With the upswing in enrollment at KPC, competition to get into required courses increases. Consequently, students have tuned into the fact that they need to be online at the moment registration opens, even if that means being up at one minute past midnight.
Priority registration for the spring semester opens at 12:01 a.m. on Nov. 8 for admitted, degree-seeking students. To be eligible for financial aid, students must be admitted and degree-seeking.
General public web registration for the spring semester opens at 12:01 a.m. on Nov. 15. With more than 115 online classes available in the spring semester, college is becoming more accessible to Peninsula residents.
The spring semester draft schedule can be searched from KPC's new website at www.kpc.alaska.edu.
The next class of KPC/UAA nursing students has been selected and they will start the program in January. There were more than 40 applicants for 14 seats and once again, the nursing class at KRC is the most difficult class to get accepted into in the state.
To be accepted at KRC, students have to have high scores on the entry test and need high grade point averages; many accepted into the program have 4.0 GPAs and all have at least a 3.5 GPA.
In the spirit of sustainability, the Kenai River Campus will not print a course schedule for the upcoming spring semester. Over the past two years, the campus stopped bulk mailing schedules and only printed a small run of the schedules made available only on campus. With the addition of the searchable schedule on the new website to help students plan their schedule, along with the searchable UAOnline schedule that students must access to register for classes, it was decided to discontinue printing entirely. Inevitably there are changes to the schedule throughout the registration period and the information in the printed schedule was almost immediately inaccurate. The searchable schedule is updated every 24 hours directly from the university database to provide the most accurate information available.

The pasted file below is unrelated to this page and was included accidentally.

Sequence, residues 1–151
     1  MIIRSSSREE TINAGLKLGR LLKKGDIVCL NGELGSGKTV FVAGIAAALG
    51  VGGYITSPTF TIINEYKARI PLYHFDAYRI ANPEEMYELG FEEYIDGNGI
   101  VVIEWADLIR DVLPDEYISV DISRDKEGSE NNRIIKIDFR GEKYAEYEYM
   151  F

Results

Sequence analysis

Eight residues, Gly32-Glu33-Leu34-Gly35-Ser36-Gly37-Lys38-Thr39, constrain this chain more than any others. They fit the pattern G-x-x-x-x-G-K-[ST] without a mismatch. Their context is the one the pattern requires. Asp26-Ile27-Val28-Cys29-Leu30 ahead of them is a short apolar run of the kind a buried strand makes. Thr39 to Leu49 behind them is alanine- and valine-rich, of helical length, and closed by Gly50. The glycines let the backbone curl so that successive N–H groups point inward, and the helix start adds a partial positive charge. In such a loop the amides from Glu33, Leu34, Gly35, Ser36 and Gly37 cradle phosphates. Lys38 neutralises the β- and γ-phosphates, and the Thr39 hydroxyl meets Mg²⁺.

Recently KPC Director Gary Turner announced that the college will be moving toward using all digitally signed electronic forms. About 90 percent of KPC's forms have undergone this conversion reducing paper consumption and increasing efficiency in processing the forms.
Recycling efforts continue to be expanded on campus with the facilities department having an onsite recycling dumpster to allow for separating recyclables. There are recycling containers next to each trash can throughout the classrooms and offices as well as in commons areas to encourage students and employees to make a conscious effort to participate in the greening of KPC.
Dr. Paula Martin, KPC assistant director of academic affairs, has been selected to be a peer evaluator for the Northwest Commission on Colleges and Universities. NWCCU is the higher education accrediting agency for Alaska, Idaho, Montana, Nevada, Oregon, Utah and Washington. Martin will attend evaluator training this fall.
NWCCU recently conducted an accreditation visit at UAA and visited the Kenai River Campus. According to UAA Chancellor Fran Ulmer, "Though we won't have the official draft report from NWCCU for about a month, it was clear to all who participated that this was an overwhelmingly positive visit."
This article was provided by Suzie Kendrick, advancement programs manager at Kenai Peninsula College.
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